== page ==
Don Trone Weighs In On Whether CFPs Who Work For Broker/Dealers Can Adhere to CFP Board’s Fiduciary Standard Hot

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“There are three elements that stand out,” says Trone. First, he says, whenever a professional is licensed to use a professional designation, he is implicitly asking the public to put more trust in him than someone with no designation, which gives rise under common law to a fiduciary obligation.


Secondly, since July 1, 2008, CFP certificants have been subject to a fiduciary standard. “I’ve been told that there is language which permits the certificant to opt out of the fiduciary standard if certain conditions exist,” Trone says. “On the other hand, you have a statement from Kevin Keller which appeared recently on a blog: ‘The CFP Board is a 501(c)(3) nonprofit whose mission is to benefit the public and we take that charge seriously by being the only financial planning designation that requires and enforces a fiduciary standard of care.’  


“Kevin doesn’t mention any exceptions, so I guess we can assume the fiduciary standard applies to all CFP certificants at all times,” says Trone.


Lastly, the CFP Board is publicly advocating a fiduciary standard; in its advocacy, it doesn’t mention allowing CFPs to opt out, Trone says.


When you consider these three elements collectively, Trone says you must come to the conclusion that the fiduciary standard applies to all CFP certificants, no matter whether that are registered reps or investment adviser reps.  “Which brings up the logical follow-on question,” says Trone. “What is the CFP Board’s fiduciary standard?”


A standard, says Trone, is defined by “principles and practices, and often times includes safe harbor procedures to insulate a professional or an organization from the unintended consequences of applying a particular standard.”


The CFP Board has done an excellent job of communicating the principles of a fiduciary standard that a client’s interest comes first but, says Trone, “I don’t believe they have published anything on the associated practices.”


On behalf of the FPA, Trone says he took a stab at aligning fiduciary practices with the six-step financial planning process and, in turn, the CFP Board’s practice standards. “Unfortunately, we can’t get the CFP Board to approve the work for CE because it is considered practice management, has proprietary content, and references leadership behaviors,” says Trone.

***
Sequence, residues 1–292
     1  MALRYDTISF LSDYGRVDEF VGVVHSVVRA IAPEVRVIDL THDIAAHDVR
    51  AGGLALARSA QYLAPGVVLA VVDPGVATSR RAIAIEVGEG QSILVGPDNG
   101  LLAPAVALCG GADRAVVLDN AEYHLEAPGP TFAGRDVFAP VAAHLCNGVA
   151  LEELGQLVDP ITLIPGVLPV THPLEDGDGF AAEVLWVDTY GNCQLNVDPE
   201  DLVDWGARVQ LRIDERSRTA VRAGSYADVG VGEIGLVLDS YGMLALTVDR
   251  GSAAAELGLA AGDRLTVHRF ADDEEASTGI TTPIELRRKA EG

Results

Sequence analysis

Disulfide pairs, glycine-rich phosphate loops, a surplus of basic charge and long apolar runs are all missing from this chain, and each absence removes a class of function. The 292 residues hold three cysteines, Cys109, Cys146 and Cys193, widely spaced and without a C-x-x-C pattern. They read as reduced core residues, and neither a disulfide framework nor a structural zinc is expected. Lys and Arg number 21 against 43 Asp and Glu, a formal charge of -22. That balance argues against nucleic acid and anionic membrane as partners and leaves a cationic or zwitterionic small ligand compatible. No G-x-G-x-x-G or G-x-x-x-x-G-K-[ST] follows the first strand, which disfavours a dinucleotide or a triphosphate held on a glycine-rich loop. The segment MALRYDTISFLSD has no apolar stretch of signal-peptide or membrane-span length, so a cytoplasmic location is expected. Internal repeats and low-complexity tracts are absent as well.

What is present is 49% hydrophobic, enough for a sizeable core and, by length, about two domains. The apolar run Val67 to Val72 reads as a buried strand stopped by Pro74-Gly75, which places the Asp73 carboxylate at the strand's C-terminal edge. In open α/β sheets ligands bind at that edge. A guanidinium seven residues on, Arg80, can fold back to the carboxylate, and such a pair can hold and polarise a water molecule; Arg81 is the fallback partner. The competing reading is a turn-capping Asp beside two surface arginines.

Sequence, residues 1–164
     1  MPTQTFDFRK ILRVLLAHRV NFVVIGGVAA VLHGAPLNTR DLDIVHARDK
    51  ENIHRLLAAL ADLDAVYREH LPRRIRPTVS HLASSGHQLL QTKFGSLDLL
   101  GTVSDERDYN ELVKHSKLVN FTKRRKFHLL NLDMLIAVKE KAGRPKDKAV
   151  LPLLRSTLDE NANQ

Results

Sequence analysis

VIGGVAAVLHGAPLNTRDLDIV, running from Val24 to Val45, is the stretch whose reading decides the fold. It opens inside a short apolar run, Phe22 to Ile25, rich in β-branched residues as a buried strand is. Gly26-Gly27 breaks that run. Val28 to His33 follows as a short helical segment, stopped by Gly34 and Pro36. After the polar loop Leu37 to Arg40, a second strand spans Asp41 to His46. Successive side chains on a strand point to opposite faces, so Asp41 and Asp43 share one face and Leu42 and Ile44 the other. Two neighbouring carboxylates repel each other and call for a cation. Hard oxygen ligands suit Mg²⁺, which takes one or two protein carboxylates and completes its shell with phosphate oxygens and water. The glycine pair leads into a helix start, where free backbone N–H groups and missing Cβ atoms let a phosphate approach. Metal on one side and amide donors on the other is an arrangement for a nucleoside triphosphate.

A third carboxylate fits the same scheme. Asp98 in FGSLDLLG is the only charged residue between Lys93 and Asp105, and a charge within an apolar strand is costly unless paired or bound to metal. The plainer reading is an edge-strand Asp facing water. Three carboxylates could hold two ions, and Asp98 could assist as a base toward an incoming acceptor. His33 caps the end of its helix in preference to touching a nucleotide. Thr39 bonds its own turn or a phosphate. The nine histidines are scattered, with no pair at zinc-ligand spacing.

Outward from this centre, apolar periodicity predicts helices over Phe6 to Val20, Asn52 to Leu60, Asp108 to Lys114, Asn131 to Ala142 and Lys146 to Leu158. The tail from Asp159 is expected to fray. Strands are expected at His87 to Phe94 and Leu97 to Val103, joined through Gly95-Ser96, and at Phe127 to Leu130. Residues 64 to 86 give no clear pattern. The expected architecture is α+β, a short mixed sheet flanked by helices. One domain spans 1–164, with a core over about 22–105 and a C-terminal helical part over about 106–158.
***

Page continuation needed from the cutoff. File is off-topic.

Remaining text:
(By the way, if any CFP certificant would like a copy of the “banned-in-Boston” fiduciary standard Trone prepared for financial planners, This email address is being protected from spambots. You need JavaScript enabled to view it.. He’ll send it to you. “It will arrive,” he jokes, “in a brown wrapper.”

On a related note, Trone says advisors didn’t score very well in implementing practices associated with a fiduciary standard according to the 2012 Fiduciary Impact Survey. Yes, they scored well on the principles, but not the practices, Trone says.

Financial planners, as a practice area, didn’t score as well as other practices areas, such as retirement advisors and wealth managers. “To the CFP Board’s defense, we did not ask respondents to identify their professional designations, so there is no way of knowing whether CFP certificants would have scored higher,” Trone says. “Next year (this will be an annual survey) we will include designations so we’ll be able to isolate the scores of CFPs vs. other designations and practice areas.”


As for whether those who hold the CFP and who work for a brokerage firm could comply with the CFP Board’s fiduciary standard, Trone says the answer is yes, but. “The issue for the organization is whether the certificant’s fiduciary acknowledgement might blow a fiduciary circuit breaker elsewhere in the factory,” Trone says. “This is the reason why a fiduciary safe harbor is so critical, and why the B/Ds are not going to budge on a uniform fiduciary standard until they get one – and I can’t blame them. There are too many unknowns associated with adopting a uniform standard.”


So, this is what Trone would propose as a fiduciary safe harbor procedure:

  • The firm must define minimum qualifications (in terms of experience, licensing and training) for advisors who wish to serve in a fiduciary capacity;
  • The advisor must accept and acknowledge their fiduciary status in writing;
  • When serving in a fiduciary capacity, the advisor must agree to only utilize investment products, data bases, software and technology approved by the firm;
  • The advisor must agree to maintain records which demonstrate the advisor's procedural prudence (the details of the advisor's decision-making process); and
  • The activities of the advisor must be monitored by the firm. 

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